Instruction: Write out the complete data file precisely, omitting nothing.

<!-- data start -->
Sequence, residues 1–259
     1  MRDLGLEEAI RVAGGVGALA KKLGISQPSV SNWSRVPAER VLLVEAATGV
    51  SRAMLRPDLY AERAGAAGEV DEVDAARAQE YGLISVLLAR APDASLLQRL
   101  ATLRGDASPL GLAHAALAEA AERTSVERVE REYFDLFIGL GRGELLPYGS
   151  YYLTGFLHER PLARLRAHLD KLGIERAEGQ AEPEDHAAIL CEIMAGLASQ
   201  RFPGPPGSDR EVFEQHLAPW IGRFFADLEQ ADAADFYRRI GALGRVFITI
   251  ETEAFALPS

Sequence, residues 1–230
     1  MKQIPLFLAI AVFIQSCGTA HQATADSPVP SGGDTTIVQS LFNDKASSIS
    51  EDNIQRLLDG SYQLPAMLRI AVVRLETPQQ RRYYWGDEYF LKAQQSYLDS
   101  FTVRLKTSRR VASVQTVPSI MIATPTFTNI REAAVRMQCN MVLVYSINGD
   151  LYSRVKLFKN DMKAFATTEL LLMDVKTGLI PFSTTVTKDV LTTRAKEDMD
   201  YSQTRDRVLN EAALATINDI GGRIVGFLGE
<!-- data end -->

Sequence, residues 1–259
     1  MRDLGLEEAI RVAGGVGALA KKLGISQPSV SNWSRVPAER VLLVEAATGV
    51  SRAMLRPDLY AERAGAAGEV DEVDAARAQE YGLISVLLAR APDASLLQRL
   101  ATLRGDASPL GLAHAALAEA AERTSVERVE REYFDLFIGL GRGELLPYGS
   151  YYLTGFLHER PLARLRAHLD KLGIERAEGQ AEPEDHAAIL CEIMAGLASQ
   201  RFPGPPGSDR EVFEQHLAPW IGRFFADLEQ ADAADFYRRI GALGRVFITI
   251  ETEAFALPS

Sequence, residues 1–230
     1  MKQIPLFLAI AVFIQSCGTA HQATADSPVP SGGDTTIVQS LFNDKASSIS
    51  EDNIQRLLDG SYQLPAMLRI AVVRLETPQQ RRYYWGDEYF LKAQQSYLDS
   101  FTVRLKTSRR VASVQTVPSI MIATPTFTNI REAAVRMQCN MVLVYSINGD
   151  LYSRVKLFKN DMKAFATTEL LLMDVKTGLI PFSTTVTKDV LTTRAKEDMD
   201  YSQTRDRVLN EAALATINDI GGRIVGFLGE